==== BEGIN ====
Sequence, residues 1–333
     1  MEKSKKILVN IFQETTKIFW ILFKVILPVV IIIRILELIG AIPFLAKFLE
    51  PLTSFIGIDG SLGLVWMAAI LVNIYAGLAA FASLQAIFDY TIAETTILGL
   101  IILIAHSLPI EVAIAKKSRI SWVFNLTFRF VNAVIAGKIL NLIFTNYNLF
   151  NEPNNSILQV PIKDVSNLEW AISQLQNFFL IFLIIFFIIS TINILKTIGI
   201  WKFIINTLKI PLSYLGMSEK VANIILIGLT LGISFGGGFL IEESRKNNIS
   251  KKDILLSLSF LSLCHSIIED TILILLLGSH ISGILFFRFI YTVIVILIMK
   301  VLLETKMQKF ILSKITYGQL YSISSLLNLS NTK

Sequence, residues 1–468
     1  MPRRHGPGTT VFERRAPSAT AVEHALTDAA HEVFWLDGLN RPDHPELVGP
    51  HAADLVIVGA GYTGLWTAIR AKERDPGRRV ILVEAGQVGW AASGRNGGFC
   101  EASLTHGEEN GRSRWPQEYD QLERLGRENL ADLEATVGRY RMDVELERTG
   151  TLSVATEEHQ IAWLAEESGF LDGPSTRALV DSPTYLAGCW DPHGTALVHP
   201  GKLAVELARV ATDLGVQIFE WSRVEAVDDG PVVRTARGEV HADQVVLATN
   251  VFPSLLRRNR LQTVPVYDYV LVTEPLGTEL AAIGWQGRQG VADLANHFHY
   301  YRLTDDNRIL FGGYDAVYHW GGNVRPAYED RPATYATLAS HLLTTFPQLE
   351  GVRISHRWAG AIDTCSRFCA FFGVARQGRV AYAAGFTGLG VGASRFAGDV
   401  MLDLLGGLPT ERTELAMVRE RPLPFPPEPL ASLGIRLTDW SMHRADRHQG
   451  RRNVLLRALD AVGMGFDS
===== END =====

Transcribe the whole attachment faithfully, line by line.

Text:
Sequence, residues 1–333
     1  MEKSKKILVN IFQETTKIFW ILFKVILPVV IIIRILELIG AIPFLAKFLE
    51  PLTSFIGIDG SLGLVWMAAI LVNIYAGLAA FASLQAIFDY TIAETTILGL
   101  IILIAHSLPI EVAIAKKSRI SWVFNLTFRF VNAVIAGKIL NLIFTNYNLF
   151  NEPNNSILQV PIKDVSNLEW AISQLQNFFL IFLIIFFIIS TINILKTIGI
   201  WKFIINTLKI PLSYLGMSEK VANIILIGLT LGISFGGGFL IEESRKNNIS
   251  KKDILLSLSF LSLCHSIIED TILILLLGSH ISGILFFRFI YTVIVILIMK
   301  VLLETKMQKF ILSKITYGQL YSISSLLNLS NTK

Sequence, residues 1–468
     1  MPRRHGPGTT VFERRAPSAT AVEHALTDAA HEVFWLDGLN RPDHPELVGP
    51  HAADLVIVGA GYTGLWTAIR AKERDPGRRV ILVEAGQVGW AASGRNGGFC
   101  EASLTHGEEN GRSRWPQEYD QLERLGRENL ADLEATVGRY RMDVELERTG
   151  TLSVATEEHQ IAWLAEESGF LDGPSTRALV DSPTYLAGCW DPHGTALVHP
   201  GKLAVELARV ATDLGVQIFE WSRVEAVDDG PVVRTARGEV HADQVVLATN
   251  VFPSLLRRNR LQTVPVYDYV LVTEPLGTEL AAIGWQGRQG VADLANHFHY
   301  YRLTDDNRIL FGGYDAVYHW GGNVRPAYED RPATYATLAS HLLTTFPQLE
   351  GVRISHRWAG AIDTCSRFCA FFGVARQGRV AYAAGFTGLG VGASRFAGDV
   401  MLDLLGGLPT ERTELAMVRE RPLPFPPEPL ASLGIRLTDW SMHRADRHQG
   451  RRNVLLRALD AVGMGFDS